05th Jul 2016
So what if Tesla reported the first autopilot mishap last week? So what if Google is still playing around with the prototypes of its self-driving cars? When BMW announces that it plans to join the bandwagon, auto enthusiasts across the globe will raise their eyebrows.
The German luxury car and bike giant announced yesterday that it proposed to join hands with Intel and Israeli tech major Mobileye to develop self-driving cars. What’s more, they have even set a tentative date for factory production of their fully automated vehicles.
The three companies said in a joint statement that the decision to join hands comes due to their conviction about automated driving technologies and how these could make travel safer and easier.
Of course, one feels that the timing of this announcement could have been better as it comes barely a few days after Tesla admitted to the death of a driver in a crash when the car was on autopilot. The crash, which occurred in Florida earlier in May, had raised doubts about the safety of self-driving cars. (Full Story)
The company, while describing the crash as amongst rarest of the rate instances said the angle of impact had resulted in a fatality, whereas even a head-on collision would have resulted only in minimum injuries due to the Tesla’s safety features. In a statement, the company had described the incident as ‘the first known fatality in over 130 million miles where autopilot was activated.’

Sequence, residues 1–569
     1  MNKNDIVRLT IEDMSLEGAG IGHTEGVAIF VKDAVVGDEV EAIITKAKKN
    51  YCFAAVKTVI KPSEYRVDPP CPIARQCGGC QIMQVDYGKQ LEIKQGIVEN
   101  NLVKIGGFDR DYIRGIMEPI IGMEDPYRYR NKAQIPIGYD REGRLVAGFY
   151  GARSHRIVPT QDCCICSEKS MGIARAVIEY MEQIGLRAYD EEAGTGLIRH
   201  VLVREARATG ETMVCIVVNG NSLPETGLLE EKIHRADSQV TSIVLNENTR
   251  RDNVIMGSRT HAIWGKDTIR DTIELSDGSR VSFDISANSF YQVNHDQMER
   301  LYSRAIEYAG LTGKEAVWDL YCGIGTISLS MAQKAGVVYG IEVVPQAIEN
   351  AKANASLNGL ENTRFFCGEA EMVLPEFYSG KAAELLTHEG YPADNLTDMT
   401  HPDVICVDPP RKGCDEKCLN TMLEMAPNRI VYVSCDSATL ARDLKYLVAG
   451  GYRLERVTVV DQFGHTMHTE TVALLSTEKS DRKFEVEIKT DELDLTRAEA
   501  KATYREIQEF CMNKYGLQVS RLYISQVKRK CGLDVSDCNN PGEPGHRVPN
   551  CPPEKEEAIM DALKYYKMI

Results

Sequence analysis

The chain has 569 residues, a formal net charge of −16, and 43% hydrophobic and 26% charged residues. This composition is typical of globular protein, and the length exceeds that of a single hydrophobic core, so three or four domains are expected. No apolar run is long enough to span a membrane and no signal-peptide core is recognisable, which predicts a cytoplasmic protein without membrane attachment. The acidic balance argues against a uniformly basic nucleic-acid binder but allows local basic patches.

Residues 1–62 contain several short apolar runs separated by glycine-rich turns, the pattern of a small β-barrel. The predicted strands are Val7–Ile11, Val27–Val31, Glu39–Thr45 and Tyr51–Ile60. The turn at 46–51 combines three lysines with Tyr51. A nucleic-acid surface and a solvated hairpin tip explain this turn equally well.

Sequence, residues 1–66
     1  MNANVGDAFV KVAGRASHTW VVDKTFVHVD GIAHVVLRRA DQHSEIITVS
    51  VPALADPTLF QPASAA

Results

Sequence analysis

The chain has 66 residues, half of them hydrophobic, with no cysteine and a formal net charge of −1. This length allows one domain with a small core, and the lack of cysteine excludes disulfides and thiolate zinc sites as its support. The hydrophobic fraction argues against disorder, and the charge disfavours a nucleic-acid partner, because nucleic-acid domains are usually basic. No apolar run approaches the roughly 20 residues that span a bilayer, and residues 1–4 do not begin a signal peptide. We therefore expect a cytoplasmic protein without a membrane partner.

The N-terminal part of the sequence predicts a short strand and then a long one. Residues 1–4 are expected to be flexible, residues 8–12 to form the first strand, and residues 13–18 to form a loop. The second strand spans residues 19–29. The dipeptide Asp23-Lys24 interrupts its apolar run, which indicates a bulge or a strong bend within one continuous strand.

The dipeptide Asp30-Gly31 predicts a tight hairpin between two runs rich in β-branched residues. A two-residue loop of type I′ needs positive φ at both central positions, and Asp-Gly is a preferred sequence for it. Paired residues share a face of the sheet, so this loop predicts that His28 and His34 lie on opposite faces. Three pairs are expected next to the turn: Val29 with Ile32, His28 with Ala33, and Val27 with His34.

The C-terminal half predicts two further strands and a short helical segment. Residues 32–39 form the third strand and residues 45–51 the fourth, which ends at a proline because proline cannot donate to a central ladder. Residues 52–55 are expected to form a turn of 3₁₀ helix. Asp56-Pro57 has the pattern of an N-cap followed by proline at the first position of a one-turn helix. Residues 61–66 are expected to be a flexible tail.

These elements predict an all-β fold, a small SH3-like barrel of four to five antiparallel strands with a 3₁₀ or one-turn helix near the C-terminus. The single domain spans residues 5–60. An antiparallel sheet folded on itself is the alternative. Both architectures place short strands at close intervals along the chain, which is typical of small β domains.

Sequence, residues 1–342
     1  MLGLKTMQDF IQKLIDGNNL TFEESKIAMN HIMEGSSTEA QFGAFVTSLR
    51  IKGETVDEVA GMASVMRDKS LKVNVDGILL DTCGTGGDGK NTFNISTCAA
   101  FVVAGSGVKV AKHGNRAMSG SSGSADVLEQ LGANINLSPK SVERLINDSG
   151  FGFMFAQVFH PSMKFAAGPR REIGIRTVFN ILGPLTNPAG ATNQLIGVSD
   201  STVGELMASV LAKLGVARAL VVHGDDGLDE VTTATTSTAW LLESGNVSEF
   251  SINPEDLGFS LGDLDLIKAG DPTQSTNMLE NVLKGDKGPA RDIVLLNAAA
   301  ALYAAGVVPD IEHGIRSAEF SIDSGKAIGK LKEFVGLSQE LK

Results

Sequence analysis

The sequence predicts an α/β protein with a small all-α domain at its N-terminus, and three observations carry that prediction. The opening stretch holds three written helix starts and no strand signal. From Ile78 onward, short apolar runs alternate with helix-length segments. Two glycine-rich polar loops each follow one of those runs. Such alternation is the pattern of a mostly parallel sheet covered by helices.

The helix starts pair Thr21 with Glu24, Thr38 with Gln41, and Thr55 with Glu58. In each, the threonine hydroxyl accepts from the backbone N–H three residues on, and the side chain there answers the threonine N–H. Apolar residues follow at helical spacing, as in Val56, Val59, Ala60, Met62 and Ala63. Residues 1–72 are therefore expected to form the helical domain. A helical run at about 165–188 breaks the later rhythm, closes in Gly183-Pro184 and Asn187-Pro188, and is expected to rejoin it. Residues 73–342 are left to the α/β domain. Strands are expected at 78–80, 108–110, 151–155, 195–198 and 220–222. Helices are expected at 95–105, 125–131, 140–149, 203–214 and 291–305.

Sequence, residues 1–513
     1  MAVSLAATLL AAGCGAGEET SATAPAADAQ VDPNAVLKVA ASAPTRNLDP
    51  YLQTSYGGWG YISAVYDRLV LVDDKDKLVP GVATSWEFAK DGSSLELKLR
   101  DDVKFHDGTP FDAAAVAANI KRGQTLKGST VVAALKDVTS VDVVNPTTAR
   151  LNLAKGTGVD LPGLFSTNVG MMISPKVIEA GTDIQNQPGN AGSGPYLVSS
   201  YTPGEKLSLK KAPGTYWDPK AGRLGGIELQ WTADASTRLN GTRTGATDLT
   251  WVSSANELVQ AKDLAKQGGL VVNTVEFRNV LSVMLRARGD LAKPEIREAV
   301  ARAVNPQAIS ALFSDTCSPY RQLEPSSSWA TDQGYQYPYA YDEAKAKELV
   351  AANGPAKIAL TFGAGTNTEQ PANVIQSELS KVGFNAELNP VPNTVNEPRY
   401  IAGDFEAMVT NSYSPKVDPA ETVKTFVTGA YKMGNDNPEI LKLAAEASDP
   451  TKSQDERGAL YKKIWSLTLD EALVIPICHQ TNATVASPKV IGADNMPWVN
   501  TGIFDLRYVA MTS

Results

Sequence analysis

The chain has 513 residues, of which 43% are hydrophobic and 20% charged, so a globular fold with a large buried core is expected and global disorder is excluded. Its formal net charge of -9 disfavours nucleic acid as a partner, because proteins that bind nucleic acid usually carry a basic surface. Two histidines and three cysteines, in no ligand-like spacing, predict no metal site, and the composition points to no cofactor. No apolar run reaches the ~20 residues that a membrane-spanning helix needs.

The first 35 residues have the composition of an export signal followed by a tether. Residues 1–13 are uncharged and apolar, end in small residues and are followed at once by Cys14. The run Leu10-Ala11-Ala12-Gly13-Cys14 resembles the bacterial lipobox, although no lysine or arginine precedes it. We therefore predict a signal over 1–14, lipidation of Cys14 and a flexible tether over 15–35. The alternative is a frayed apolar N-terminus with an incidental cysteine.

The joint statement by BMW and its partners said the collaboration aimed to develop solutions that “would enable drivers to not only to take their hands off the steering wheel, but also reach a stage where they could also take their eyes of the road and ultimately their mind off driving.”
These technology upgrades would eventually lead to a driver-less car and establish the opportunity for self-driving fleets by 2021, the statement said adding that such a development would result in new business models within the connected, mobile world.
While insisting that the future of automated driving would change lives and societies for the better, the three partner companies described the path to full automation as complex, “requiring end-to-end solutions that integrates intelligence across the network – from door locks to data centers.”
While Intel is the world’s leading chip maker, Mobileye works on machine learning, data analysis, localization and mapping. The latter is already a vendor for BMW for the mapping devices.
After Tesla And Google, It’s BMW’s Turn To Make Self-Driving Cars
Tie-up between BMW, Intel and Mobileye to deliver series production by 2021
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